My favourite part of IDS? Seeing what the home-grown talent has to offer. Last year I was romanced by Christopher Solar’s Plantation Chair Redux (see below) among other equally beautiful suitors from the Brothers Dressler, Mani Mani, and Derek McLeod. View my post on my love affair with the chair here!

Plantation Chair Redux by Christopher SolarPlantation Chair Redux by Christopher Solar. Image by Leah Snyder for Mixed Bag Mag.Chair by Brothers Dressler for the Interior Design Show Re-imagined Stam/Breuer Chairs by Brothers Dressler. Image by Leah Snyder for Mixed Bag Mag.Wood and metal chair by designer Mani Mani
Cortical Chair by Mani Mani of fishtnk. Image by Leah Snyder for Mixed Bag Mag. 

This year I am excited to see Christopher Solar’s newest design, the Tilde Chair, in the “flesh”, as well as this sexy design, the Nadine Chair by Composite Angle.

Chair made of metal and wood combination
Nadine Chair (top) by Composite Angle and Tilde Chair by Christopher Solar (bottom). Images courtesy IDS.

Table tops the list.

But I think this year is going to be less about the chair and more about the table.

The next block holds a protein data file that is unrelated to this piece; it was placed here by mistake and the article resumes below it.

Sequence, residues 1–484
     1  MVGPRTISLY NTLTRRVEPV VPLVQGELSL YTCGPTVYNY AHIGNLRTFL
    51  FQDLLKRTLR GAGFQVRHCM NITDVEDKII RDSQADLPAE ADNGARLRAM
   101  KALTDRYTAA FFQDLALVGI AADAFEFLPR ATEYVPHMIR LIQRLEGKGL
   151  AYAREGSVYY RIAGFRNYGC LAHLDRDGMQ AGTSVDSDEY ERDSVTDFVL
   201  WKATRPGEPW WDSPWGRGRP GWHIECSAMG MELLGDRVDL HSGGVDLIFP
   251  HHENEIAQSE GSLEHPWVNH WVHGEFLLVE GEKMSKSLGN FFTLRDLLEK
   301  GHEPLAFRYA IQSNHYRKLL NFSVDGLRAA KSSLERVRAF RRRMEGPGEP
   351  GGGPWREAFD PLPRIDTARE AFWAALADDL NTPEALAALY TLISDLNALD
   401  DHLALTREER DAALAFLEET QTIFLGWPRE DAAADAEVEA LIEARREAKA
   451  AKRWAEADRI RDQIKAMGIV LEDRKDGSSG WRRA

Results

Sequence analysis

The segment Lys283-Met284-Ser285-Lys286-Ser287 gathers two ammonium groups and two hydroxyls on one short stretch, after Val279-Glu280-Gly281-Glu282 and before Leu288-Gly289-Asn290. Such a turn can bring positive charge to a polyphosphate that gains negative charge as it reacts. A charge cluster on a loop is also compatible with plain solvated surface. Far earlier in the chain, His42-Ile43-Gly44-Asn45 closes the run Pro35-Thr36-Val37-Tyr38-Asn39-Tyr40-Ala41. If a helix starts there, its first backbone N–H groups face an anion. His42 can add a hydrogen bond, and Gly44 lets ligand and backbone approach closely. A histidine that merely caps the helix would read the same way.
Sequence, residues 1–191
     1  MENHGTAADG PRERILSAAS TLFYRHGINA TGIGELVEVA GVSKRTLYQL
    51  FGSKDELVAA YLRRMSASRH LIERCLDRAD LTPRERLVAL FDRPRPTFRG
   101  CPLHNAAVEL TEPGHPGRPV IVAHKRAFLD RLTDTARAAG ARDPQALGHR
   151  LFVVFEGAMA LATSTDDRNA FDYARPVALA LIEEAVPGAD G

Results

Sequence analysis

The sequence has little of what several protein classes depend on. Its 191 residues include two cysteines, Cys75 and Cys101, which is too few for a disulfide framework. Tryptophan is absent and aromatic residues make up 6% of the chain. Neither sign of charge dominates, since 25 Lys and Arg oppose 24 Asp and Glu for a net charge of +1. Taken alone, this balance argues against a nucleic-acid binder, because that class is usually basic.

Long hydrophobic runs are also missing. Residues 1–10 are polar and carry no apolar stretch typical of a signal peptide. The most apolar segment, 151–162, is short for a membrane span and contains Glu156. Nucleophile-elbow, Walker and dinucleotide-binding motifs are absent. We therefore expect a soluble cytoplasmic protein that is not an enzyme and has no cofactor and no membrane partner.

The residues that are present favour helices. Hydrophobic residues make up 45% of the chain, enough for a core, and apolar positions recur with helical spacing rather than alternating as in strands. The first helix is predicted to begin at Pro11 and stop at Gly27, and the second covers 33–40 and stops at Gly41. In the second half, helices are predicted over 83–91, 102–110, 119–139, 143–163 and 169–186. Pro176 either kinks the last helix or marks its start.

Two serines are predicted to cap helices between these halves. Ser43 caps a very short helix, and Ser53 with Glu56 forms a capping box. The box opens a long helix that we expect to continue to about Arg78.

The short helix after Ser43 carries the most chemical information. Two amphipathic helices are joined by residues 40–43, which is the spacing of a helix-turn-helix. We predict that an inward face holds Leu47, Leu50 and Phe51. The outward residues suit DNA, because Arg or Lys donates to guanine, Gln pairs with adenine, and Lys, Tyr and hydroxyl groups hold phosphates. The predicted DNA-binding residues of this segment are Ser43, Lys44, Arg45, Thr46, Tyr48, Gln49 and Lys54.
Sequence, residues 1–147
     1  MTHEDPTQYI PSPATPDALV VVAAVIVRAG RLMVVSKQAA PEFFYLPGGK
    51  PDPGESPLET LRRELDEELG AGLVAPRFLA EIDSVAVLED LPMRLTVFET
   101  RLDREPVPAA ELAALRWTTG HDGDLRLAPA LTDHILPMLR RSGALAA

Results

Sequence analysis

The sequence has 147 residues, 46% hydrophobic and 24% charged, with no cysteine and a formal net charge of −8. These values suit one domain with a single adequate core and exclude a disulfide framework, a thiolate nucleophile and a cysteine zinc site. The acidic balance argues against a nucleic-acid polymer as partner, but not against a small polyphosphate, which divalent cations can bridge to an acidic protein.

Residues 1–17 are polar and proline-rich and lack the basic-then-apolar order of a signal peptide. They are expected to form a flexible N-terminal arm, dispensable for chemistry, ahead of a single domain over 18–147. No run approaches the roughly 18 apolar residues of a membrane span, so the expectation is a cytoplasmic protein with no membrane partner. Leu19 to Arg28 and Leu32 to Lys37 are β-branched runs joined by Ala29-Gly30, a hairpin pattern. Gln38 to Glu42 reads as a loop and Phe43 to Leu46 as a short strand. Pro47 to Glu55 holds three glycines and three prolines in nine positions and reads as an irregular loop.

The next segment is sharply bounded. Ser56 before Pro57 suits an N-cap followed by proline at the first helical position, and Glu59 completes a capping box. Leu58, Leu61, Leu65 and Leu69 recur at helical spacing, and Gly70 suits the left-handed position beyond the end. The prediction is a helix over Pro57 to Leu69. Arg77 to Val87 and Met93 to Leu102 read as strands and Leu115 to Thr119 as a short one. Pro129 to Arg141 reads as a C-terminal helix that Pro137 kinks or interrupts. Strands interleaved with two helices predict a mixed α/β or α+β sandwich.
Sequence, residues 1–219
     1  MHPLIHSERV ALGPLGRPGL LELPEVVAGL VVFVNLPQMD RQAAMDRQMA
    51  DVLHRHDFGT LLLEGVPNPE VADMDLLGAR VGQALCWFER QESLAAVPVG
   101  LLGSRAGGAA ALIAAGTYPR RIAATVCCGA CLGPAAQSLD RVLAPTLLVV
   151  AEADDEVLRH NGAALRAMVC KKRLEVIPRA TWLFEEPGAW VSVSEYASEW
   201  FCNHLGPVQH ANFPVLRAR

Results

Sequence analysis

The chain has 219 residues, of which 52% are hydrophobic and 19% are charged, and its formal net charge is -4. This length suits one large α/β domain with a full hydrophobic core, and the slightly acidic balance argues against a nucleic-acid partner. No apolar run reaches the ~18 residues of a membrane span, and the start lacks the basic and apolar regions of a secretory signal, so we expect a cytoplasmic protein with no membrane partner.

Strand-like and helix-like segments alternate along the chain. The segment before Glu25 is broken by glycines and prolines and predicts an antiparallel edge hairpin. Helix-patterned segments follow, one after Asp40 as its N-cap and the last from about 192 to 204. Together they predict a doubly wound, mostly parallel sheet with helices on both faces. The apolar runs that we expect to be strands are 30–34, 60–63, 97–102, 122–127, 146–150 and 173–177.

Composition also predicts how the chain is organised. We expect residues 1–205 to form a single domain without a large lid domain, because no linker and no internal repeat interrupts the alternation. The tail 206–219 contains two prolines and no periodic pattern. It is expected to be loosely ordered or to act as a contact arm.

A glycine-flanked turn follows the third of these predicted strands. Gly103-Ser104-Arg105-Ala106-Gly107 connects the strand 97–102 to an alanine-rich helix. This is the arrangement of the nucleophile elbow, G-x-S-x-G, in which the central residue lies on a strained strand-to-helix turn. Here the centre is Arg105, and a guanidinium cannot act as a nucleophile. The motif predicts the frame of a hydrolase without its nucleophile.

Wooden coffee table and writing desk One Two Three Table by Eho Eho (top) and writing desk by Studio Garneau (bottom). Images courtesy IDS.

Table with glass top and curved wood frameKo Table by In Elements. Image courtesy IDS.

Moving away from neutral territory.

As much as we Canadian’s love our neutrals Geof Ramsay and Projector Design inject some colour into the mix.

Little blue and larger red table with cut-out sides resembling the layout of streets on a mapYou Are Here Table by Geof Ramsay. Images courtesy IDS.

“You Are Here is a formal exploration of physical place met with the application o f mass customization to furniture design.  Any geographic footprint, abstracted into its essential positive and negative space, can be laser cut to create a one-of-a-kind piece for each individual.” Read more on www.geoframsay.com

Brilliant blue topped metal desk
001 Desk by Projector Design. Image courtesy IDS.

For more information on IDS visit www.interiordesignshow.com or follow on Facebook & twitter @IDSToronto & #IDS13.

Logo for IDS the Interior Design Show